High-Temperature Short-Time and Holder Pasteurization of Donor Milk: Impact on Milk Composition
Rodríguez, Juan M.
Calvo, M. Visitación
Pallás-Alonso, Carmen Rosa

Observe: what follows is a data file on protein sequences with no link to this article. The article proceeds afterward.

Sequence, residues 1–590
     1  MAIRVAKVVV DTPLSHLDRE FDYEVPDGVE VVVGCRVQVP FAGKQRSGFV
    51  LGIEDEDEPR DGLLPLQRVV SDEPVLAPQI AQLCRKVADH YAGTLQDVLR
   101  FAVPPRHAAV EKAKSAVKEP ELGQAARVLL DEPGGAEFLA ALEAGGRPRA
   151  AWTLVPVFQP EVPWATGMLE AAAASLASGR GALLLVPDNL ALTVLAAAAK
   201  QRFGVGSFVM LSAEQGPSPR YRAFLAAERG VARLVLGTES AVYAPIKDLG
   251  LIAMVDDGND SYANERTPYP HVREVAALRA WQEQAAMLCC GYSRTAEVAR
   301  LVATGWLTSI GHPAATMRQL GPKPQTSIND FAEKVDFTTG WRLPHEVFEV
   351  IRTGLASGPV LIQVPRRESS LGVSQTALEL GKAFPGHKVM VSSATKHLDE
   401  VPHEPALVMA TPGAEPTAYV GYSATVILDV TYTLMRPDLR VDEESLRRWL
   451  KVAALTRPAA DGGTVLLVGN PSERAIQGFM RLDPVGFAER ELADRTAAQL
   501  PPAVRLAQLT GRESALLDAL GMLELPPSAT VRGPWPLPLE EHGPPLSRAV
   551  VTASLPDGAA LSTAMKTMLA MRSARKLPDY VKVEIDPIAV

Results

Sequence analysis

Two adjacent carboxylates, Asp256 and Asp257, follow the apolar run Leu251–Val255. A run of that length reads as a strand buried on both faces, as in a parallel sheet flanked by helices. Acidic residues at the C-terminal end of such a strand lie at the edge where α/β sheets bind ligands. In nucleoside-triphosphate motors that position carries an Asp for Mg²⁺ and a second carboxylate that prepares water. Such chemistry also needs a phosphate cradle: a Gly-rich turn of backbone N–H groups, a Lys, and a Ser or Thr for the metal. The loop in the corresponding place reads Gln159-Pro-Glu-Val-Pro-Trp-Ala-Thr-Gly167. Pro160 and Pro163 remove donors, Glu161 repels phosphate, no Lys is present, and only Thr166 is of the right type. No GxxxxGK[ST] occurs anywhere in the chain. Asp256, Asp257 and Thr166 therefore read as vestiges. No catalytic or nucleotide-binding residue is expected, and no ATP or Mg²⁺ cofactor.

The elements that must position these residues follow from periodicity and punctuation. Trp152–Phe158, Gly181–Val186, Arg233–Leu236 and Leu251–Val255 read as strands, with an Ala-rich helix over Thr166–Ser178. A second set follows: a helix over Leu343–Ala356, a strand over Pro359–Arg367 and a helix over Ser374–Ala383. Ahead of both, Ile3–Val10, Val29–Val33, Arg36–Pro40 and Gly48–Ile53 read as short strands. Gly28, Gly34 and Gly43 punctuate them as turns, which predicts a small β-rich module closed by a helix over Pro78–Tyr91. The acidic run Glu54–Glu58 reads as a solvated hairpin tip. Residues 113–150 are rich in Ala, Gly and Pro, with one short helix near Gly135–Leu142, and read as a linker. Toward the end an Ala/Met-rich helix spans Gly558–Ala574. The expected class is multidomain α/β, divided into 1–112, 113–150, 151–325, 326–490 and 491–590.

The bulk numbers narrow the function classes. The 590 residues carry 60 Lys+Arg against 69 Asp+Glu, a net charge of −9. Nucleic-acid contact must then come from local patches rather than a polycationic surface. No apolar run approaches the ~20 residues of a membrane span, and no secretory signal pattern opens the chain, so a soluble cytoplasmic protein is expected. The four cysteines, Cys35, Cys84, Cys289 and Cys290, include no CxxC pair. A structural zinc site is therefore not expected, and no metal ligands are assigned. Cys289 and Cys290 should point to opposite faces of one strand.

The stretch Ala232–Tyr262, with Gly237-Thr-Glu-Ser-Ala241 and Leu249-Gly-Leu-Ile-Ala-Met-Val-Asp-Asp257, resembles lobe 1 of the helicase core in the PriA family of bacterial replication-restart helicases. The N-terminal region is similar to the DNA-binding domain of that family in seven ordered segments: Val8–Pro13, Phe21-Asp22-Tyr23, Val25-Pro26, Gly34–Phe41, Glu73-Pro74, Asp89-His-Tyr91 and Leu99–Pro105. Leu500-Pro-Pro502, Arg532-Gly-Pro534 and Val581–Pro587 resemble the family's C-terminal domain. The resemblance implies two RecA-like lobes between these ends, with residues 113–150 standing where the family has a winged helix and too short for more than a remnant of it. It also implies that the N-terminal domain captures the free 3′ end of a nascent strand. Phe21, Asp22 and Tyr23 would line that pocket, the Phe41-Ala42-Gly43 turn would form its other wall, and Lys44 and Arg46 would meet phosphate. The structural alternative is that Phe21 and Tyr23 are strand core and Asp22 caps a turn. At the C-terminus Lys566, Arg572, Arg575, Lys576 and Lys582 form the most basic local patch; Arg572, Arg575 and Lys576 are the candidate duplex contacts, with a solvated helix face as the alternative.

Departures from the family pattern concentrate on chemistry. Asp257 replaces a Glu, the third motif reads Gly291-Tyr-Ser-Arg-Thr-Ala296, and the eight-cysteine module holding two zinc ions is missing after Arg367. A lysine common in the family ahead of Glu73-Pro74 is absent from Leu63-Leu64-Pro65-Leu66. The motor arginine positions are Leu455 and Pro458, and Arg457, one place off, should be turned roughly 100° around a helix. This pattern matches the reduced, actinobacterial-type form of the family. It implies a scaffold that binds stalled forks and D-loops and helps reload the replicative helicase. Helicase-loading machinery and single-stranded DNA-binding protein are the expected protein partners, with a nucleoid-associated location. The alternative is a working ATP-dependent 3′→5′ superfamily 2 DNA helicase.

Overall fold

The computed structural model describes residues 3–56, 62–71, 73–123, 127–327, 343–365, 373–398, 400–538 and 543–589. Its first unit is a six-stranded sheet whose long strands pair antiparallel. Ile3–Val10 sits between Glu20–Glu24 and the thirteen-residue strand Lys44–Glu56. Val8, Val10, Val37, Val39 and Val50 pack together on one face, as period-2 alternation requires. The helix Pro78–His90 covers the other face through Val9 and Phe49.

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Holder pasteurization (HoP; 62.5 °C, 30 min) is commonly used to ensure the microbiological safety of donor human milk (DHM) but diminishes its nutritional properties. A high-temperature short-time (HTST) system was designed as an alternative for human milk banks. The objective of this study was to evaluate the effect of this HTST system on different nutrients and the bile salt stimulated lipase (BSSL) activity of DHM. DHM was processed in the HTST system and by standard HoP. Macronutrients were measured with a mid-infrared analyzer. Lactose, glucose, myo-inositol, vitamins and lipids were assayed using chromatographic techniques. BSSL activity was determined using a kit. The duration of HTST treatment had a greater influence on the nutrient composition of DHM than did the tested temperature. The lactose concentration and the percentage of phospholipids and PUFAs were higher in HTST-treated than in raw DHM, while the fat concentration and the percentage of monoacylglycerides and SFAs were lower. Other nutrients did not change after HTST processing. The retained BSSL activity was higher after short HTST treatment than that following HoP. Overall, HTST treatment resulted in better preservation of the nutritional quality of DHM than HoP because relevant thermosensitive components (phospholipids, PUFAs, and BSSL) were less affected.